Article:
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22 September 2021

Meet the regent parrot

This distinctive yellow and green bird can be found across the Murray River floodplains in north-western Victoria.

We spoke to Alex Holmes, terrestrial zoologist and fauna lead for VMFRP, to find out more about this popular bird.

Regent parrot nesting in river red gum near the Murray River

The regent parrot is listed as vulnerable in Victoria and at the Commonwealth level

The regent parrot is unique because it needs access to two types of habitat – the Mallee landscape for feeding and the river country (or floodplains) for breeding. Recent research shows that they will also forage on the lakebed when the floodplain is dry, suggesting that they are well adapted to the wet and dry cycles needed to keep the Murray and its floodplains healthy.

Regent parrots are quite particular when it comes to finding the right red gum hollow for nesting. They favour healthy, living gum trees close to the water. Young gums won’t cut it as it can take a few hundred years for good-sized hollows to appear.

“We currently see the highest concentration of regent parrots nesting in colonies at Belsar-Yungera and Hattah Lakes, where we still have larger areas of century-old gum trees” explained Alex Holmes, a terrestrial zoologist and the ecologist responsible for coordinating the fauna surveys across all VMFRP sites.

Once the eggs arrive, dad does all the foraging, sometimes travelling up to 20 km a day for food. When the eggs hatch, mum and dad share feeding duties. They are super discrete when returning to the nest to avoid detection by hungry goannas and carpet pythons. This secretive approach makes them challenging to monitor!

This vibrant bird is now found in less places and in lower numbers, mainly due to land clearing and loss of nesting and foraging habitat, deliberate killing of birds, road kills and accidental poisoning.

“We’re still learning about what regent parrots need to survive and thrive,” added Alex. “But we know they rely on healthy floodplains and that their nesting habitat has contracted significantly as we’ve cut down historic red gums.”

Under the environment assessment process, Alex and his team are building on multiple previous fauna surveys and revisiting VMFRP sites to check and verify potential nesting habitats and active nests.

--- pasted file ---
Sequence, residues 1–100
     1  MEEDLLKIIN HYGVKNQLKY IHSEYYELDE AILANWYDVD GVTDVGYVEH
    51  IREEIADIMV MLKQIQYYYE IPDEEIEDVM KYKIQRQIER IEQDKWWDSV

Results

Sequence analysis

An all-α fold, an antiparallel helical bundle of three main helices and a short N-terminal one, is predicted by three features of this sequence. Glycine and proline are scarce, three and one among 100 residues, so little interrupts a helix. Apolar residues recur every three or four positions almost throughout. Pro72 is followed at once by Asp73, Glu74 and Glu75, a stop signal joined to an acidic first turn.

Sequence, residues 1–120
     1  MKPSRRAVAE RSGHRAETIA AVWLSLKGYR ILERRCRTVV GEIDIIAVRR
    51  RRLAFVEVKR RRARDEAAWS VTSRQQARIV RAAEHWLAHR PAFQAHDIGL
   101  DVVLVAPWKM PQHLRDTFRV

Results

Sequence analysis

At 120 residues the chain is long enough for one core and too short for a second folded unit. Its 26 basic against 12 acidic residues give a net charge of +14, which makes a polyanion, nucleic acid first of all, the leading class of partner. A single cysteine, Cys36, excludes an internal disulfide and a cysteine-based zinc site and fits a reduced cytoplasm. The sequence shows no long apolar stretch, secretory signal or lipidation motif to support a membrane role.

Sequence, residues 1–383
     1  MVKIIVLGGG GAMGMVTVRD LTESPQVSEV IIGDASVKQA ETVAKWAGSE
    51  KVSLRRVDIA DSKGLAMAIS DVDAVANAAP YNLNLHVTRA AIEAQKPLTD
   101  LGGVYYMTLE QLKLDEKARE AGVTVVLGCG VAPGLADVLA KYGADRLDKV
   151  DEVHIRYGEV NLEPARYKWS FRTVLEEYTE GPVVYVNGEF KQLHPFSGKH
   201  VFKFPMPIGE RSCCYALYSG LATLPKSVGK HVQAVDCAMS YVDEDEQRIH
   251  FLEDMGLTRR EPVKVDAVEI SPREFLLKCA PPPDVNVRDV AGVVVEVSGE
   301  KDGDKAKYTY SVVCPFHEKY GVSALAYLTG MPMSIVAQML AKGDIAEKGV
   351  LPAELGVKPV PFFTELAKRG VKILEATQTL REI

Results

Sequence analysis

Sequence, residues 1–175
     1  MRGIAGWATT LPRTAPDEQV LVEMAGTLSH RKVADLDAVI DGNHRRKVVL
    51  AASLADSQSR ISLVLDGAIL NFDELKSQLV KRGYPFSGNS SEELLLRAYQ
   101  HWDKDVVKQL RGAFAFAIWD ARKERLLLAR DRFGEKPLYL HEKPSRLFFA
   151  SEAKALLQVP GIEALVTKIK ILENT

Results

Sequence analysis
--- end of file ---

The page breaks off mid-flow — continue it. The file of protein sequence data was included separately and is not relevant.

“Our surveys currently show no active nests located along the VMFRP infrastructure footprints,” said Alex. “We are flagging where construction work and vegetation removal could be noisy for neighbouring nesting colonies so that schedules can be adjusted to do this work outside of the breeding season.”

“That said, we know from the infrastructure built at Hattah Lakes under The Living Murray program that the parrots nesting around Oatey’s and Messenger’s regulators seem unphased by the presence of the noise from regulators and pumps.”

Alex is keen to see these floodplain restoration projects go ahead.

“At this moment in time, the ‘do-nothing’ scenario looks grim. If we don’t address the frequency and extent of inundation events, the future doesn’t look very promising for flood dependent species like the regent parrot.”


Alex Holmes (pictured here with Jedi the lace monitor) is a terrestrial zoologist. Alex has been involved in a range of fauna surveys across the VMFRP sites for the last 20 years and has coordinated fauna surveys in all states and territories in Australia and internationally. Alex is working as the Fauna Lead for VMFRP and is coordinating several fauna surveys across all the sites in spring 2021 targeting threatened birds, reptiles, mammals and amphibians.